Amer Fort, Amer
Amer Fort, Amer

Saturday, 26 January 2019 – NCR to Jaipur (289 KMS)

We left on time, had brunch in Behror (146 KMS), & were in Jaipur by afternoon. A cup of tea later, we were out shopping & dining. Overnight in Jaipur.

Sunday, 27 January 2019 – Jaipur & Amer sightseeing

Jagdish Temple, Udaipur
Jagdish Temple, Udaipur

After breakfast, we visited City Palace & Jantar Mantar, strolled through Johari Bazar to reach Hawa Mahal & Laxmi Mishthan Bhandaar (where we’d lunch), & then to Amer (8 KMS from Jaipur) for seeing the fort and the light & sound show.

Back to Jaipur for dinner & overnight stay.

Monday, 28 January 2019 – Jaipur to Udaipur (391 KMS)

Ranakpur Jain Temple, Ranakpur
Jain Temple, Ranakpur

We began after breakfast & halted at Kishangarh (102 KMS) to buy marble products in its famed marble market. We’d made an exception today & chosen ~400 KMS. So, today was going to be a long drive. We stopped for lunch at a dhaba in Kishanpura.

We were crossing Nathdwara (248 KMS from Kishangarh) in the evening when we spontaneously took a break to visit Shrinathji. We finally reached Udaipur by late evening. After refreshing, we headed out for dinner. Overnight in Udaipur.

Tuesday, 29 January 2019 – Udaipur sightseeing

Guda Bishnoi Wildlife Safari, Jodhpur
Guda Bishnoi Wildlife Safari, Jodhpur

Done with breakfast, we visited City Palace Museum, Jagdish Mandir & Bagore Ki Haveli. We ate lunch at a lakefront, rooftop restaurant. We made our way to Chetak Smarak & were back in time for sunset watching at The Sunset Terrace.

We ended the night with the light & sound show at the City Palace, & then dinner. Overnight in Udaipur.

Wednesday, 30 January 2019 – Udaipur to Jodhpur (253 KMS)

Jhunjhunuwala Haveli, Mandawa
Jhunjhunuwala Haveli, Mandawa

We started for Jodhpur after breakfast & a little before lunchtime, we were at Ranakpur (84 KMS). We visited the Jain temple & then lunched at Ranakpur itself. We were at our Jodhpur hotel by early evening. We just went out for dinner tonight.

Overnight in Jodhpur.

Thursday, 31 January 2019 – Jodhpur sightseeing

Mubarak Mahal, Welcome Palace, City Palace, Jaipur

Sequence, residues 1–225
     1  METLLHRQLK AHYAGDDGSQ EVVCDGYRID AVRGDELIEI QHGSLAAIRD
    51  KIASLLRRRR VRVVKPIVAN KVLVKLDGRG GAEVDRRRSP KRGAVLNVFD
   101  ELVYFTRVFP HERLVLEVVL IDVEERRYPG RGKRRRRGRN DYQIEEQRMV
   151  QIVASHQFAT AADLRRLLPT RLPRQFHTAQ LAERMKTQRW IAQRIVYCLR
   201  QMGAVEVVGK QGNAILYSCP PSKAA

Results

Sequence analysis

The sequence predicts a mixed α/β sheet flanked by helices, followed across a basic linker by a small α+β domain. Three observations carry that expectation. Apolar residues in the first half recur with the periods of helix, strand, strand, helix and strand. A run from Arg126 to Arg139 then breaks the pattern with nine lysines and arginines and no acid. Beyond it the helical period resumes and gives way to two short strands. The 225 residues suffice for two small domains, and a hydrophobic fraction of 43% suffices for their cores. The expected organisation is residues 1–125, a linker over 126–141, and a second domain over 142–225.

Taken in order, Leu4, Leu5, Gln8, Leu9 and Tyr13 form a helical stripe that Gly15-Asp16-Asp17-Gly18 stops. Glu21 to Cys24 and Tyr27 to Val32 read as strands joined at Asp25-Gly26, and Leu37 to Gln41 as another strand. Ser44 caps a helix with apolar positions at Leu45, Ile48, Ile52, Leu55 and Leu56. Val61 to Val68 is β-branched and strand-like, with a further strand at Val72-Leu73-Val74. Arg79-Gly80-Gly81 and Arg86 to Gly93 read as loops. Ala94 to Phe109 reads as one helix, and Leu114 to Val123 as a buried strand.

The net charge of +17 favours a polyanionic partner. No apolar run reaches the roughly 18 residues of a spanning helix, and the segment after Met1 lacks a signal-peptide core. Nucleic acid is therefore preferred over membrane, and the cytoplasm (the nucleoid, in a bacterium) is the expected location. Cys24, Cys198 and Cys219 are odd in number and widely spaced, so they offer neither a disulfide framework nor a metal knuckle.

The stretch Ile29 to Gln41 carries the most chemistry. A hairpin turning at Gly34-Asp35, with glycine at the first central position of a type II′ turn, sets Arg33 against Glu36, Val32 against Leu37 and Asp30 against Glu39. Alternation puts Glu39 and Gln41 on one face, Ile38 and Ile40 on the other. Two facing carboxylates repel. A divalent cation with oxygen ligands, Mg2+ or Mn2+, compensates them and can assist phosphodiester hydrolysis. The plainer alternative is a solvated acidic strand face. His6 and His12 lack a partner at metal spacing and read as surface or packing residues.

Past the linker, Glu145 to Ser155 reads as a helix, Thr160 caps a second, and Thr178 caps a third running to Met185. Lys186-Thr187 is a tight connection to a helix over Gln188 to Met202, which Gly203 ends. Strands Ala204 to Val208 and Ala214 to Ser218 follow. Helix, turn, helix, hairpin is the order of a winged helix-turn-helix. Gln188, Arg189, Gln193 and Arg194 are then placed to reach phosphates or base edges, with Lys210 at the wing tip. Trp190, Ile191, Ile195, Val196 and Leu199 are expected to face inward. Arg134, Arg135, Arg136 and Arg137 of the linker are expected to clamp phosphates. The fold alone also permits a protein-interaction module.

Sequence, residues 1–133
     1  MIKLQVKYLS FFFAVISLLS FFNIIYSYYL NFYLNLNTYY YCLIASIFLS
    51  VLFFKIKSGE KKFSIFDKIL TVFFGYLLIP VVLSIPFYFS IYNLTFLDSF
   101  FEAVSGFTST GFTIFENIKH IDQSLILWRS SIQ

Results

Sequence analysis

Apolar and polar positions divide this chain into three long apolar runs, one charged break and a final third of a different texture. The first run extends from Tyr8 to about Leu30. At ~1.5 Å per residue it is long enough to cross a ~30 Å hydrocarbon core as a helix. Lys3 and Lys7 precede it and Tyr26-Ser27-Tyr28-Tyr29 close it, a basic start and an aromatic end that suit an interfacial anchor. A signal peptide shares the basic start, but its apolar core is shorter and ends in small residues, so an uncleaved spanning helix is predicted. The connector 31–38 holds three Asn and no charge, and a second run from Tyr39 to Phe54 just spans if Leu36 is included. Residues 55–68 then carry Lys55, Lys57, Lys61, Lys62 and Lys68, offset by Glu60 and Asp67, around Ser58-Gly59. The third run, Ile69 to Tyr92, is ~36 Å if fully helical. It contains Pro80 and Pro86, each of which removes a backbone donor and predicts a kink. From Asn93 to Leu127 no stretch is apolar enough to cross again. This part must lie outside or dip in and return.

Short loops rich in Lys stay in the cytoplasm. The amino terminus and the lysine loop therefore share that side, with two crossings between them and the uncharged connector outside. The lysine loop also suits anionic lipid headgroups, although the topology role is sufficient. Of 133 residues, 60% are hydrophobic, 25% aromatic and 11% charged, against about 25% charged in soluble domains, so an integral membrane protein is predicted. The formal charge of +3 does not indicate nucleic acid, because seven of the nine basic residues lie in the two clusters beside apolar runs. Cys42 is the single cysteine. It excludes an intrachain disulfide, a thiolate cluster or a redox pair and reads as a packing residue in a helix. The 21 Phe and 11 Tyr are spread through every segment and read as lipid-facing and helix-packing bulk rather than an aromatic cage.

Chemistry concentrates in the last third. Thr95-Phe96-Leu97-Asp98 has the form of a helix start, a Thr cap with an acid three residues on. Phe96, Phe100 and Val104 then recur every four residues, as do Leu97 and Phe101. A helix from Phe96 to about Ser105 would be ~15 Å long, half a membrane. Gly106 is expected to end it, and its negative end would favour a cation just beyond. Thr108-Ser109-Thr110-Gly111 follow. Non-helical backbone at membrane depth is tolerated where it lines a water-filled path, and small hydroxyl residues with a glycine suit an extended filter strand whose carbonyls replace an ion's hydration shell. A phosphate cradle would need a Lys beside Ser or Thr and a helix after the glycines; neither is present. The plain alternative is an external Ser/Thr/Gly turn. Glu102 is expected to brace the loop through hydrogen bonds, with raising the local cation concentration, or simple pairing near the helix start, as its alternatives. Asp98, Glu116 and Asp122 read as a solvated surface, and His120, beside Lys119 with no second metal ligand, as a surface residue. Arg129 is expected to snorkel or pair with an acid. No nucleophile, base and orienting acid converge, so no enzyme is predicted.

Mubarak Mahal (Welcome Palace), City Palace, Jaipur

We began our day with a safari in the Guda Bishnoi village areas (24 KMS). The first half of the day was spent in visiting a traditional Bishnoi household & spotting wildlife in the surrounding areas. We returned to the city for lunch & then visited the Mehrangarh Fort.

The Fort visit was followed by a sun downer, a walk in the Sardar market, seeing Ghanta Ghar, & an early dinner consisting of local specialties. Overnight in Jodhpur.

Friday, 1 February 2019 – Jodhpur to Mandawa (320 KMS)

town of 365 temples, Amer
The town of 365 temples – Amer

This stretch of the road was horrible. We reached Mandawa by afternoon & went for a walking tour of the town in the evening. Back to hotel for dinner & overnight stay.

Saturday, 2 February 2019 – Mandawa to NCR (275 KMS)

We’d kept this day open, thinking if we needed more time in Mandawa, we’ll stick around for a day more. But we managed to see a fair number of havelis on our first evening itself, & thus, decided to head home today.

Mohan Mandir, Lake Pichola, Udaipur
Mohan Mandir on Lake Pichola, Udaipur

Wondering why we’ve made such a brief post? 😀 It’s because we intend to write detailed posts for each of these four destinations. This blog post was to give an overview of how a week long road trip can be planned for Rajasthan.

Stay tuned for our post on Jaipur!

P. S. There can be endless variations of this road trip. E.g.

Clean & quiet temple, Ranakpur
Clean & quiet temple, Ranakpur

NCR – Churu – Pushkar – Udaipur – Kishangarh – Surajgarh – NCR

NCR – Jaipur – Ajmer – Churu – Surajgarh – NCR

NCR – Mandawa – Ajmer – Surajgarh – NCR etc.